On March 1, 2020 the New Jersey Transit Benefits Law (“Law”) became effective, requiring New Jersey employers to offer their employees pre-tax transportation benefits (“transit benefits”). The Law requires an employer to set up a benefit program that allows employees to set aside pre-tax salary benefits into a separate account to cover qualified mass transit and parking expenses associated with the commute to work. Contributions to a commuter account are deducted from employee paychecks on a pre-tax basis, reducing the taxable income of employees.
Employers with 20 or more employees are required to offer transit benefits to their employees. There are two different deadlines for compliance with the Law for those employers who have both employees who are subject to a collective negotiations agreement (“represented employees”) and those that are not subject to a collective negotiations agreement (“non-represented employees”). Employers with non-represented employees were required to provide transit benefits as of March 1, 2020. Employers with represented employees must offer transit benefits at the expiration of their collective bargaining agreement.
Benefits Under the New Jersey Transit Benefits Law
Under the Law, employers must provide transit benefits consistent with the “provision and limits” of Section 132(f)(1) of the Internal Revenue Code for the following: (i) commuter highway vehicle benefits (ii) any transit pass and (iii) qualified parking. The definitions of the above three terms, contained with Section 132(f) of the Code, are as follows:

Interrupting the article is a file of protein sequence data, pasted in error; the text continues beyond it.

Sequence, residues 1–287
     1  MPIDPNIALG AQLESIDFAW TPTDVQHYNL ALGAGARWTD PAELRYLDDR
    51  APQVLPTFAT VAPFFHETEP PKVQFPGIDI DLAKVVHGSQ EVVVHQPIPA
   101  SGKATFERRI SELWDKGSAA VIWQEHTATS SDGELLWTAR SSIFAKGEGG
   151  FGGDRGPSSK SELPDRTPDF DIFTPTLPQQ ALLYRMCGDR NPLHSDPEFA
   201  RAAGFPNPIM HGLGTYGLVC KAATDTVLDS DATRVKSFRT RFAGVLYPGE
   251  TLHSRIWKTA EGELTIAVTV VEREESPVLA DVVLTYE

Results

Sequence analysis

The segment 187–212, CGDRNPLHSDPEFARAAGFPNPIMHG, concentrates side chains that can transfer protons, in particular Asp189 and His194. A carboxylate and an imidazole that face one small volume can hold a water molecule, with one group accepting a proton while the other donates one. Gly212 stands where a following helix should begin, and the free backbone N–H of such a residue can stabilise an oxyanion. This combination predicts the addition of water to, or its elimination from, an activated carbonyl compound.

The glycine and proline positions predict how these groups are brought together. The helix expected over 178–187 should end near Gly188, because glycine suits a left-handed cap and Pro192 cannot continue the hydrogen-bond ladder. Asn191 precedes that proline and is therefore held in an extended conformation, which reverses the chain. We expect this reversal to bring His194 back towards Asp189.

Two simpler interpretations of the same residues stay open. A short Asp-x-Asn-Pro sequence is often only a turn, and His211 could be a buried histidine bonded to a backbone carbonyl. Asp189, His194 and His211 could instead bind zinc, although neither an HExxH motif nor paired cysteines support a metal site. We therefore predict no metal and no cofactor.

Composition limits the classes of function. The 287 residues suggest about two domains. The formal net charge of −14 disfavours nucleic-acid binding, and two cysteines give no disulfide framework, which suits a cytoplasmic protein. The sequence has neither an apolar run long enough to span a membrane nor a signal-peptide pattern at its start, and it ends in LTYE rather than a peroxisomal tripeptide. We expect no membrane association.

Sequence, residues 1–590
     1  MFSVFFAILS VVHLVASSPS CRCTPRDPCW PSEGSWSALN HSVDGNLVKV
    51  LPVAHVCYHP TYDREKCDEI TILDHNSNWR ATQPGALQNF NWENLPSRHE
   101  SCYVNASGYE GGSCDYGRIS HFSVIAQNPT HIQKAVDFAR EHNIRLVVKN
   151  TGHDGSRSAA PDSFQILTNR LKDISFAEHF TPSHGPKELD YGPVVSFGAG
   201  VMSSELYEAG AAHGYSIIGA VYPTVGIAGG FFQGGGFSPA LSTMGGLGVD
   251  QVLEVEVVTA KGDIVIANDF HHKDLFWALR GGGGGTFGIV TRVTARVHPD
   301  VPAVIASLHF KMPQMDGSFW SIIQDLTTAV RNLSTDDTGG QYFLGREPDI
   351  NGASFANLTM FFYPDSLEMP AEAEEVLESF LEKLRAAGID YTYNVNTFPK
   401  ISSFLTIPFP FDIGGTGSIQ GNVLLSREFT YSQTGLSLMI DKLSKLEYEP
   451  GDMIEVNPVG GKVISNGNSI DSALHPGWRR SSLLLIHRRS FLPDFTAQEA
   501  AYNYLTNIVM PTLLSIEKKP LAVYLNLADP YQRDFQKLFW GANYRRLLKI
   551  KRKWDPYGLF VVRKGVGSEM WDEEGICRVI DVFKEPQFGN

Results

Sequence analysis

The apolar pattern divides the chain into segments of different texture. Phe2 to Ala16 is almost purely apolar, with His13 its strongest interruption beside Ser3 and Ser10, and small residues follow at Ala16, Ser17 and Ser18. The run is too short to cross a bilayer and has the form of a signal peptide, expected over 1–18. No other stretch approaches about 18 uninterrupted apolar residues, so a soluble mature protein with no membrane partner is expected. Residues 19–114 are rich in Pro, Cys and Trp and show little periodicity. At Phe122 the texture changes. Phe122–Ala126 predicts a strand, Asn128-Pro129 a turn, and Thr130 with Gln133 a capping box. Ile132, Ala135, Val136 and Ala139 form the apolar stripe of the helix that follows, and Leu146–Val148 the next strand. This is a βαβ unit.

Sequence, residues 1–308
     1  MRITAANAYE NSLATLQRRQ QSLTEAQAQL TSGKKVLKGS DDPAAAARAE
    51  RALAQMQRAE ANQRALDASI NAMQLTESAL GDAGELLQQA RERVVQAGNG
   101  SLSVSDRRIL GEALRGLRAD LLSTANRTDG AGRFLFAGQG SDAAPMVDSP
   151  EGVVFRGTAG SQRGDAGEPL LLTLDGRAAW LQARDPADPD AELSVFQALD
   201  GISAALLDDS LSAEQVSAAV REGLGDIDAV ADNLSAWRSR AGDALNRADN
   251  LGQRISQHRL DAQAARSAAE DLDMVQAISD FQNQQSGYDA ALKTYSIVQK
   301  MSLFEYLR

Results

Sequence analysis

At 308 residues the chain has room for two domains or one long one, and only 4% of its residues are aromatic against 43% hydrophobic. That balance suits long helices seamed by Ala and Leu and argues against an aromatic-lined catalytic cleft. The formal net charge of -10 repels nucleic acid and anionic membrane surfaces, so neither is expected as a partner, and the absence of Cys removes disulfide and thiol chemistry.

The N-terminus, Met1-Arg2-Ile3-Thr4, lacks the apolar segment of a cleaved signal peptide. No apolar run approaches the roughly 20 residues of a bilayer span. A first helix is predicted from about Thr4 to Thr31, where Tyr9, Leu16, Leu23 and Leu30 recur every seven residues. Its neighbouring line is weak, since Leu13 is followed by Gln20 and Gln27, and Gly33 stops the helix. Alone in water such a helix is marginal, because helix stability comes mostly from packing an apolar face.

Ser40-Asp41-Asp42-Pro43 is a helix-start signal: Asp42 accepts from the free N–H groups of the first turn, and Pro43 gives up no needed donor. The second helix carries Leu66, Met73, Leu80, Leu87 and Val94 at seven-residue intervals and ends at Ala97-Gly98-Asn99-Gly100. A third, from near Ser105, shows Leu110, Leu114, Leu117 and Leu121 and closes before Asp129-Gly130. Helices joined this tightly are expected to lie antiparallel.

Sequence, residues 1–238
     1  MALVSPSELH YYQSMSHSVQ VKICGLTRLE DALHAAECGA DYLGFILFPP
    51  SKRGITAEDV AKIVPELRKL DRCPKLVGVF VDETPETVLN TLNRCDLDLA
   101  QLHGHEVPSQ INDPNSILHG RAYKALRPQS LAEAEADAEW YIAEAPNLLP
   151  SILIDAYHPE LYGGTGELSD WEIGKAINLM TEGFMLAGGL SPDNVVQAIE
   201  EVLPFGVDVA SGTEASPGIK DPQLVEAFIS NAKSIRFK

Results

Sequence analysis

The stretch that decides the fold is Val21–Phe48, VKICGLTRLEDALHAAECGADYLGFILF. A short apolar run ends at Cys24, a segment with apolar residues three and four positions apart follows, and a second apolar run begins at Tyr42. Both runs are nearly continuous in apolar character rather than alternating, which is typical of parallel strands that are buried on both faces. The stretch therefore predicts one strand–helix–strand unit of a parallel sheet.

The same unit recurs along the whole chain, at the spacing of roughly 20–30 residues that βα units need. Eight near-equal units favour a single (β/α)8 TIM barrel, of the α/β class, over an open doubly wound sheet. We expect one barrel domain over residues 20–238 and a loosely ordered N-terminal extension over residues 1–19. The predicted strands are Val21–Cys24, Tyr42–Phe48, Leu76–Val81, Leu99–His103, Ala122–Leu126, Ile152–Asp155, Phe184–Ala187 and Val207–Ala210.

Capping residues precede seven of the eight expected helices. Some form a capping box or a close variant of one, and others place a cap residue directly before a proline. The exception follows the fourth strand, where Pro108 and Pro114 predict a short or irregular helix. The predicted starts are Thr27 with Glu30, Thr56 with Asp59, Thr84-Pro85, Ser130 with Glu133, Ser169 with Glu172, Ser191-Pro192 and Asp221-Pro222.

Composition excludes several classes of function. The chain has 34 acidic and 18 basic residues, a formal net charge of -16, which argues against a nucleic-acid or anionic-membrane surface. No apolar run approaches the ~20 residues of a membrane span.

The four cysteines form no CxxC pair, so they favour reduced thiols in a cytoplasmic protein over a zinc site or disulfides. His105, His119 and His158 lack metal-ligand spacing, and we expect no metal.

- A commuter highway vehicle is “any highway vehicle” which has the seating capacity of at least six (6) adult passengers, and at least 80% of the mileage use of the vehicle can reasonably be expected to be used to transport employees to work, and on trips where the vehicle is at least half-capacity (not including the driver, transporting at least three adult passengers). Commuter highway vehicles include vanpools and rideshares such as Uber Pool and Lyft Shared.
- A transit pass means any pass, token, fare card, voucher, or similar item used on mass transit facilities or provided by any person in the business of transporting people for compensation who transports them in a commuter highway vehicle, as defined above. Mass transit facilities include: train, bus, subway, light rail, and ferry.
- Qualified parking means parking provided to an employee on or near the employer’s property or on or near the location from which the employee commutes to work by means of a commuter highway vehicle or use of a transit pass. Out-of-pocket expenses such as parking fees for meters, garages and lots qualify, as long as they are incurred when an employee is commuting by means of a commuter highway vehicle or use of a transit pass. Parking at or near an employee’s home is not an eligible expense.
- Employees cannot claim commuting expenses such as tolls and gas under the New Jersey Transit Benefits Law.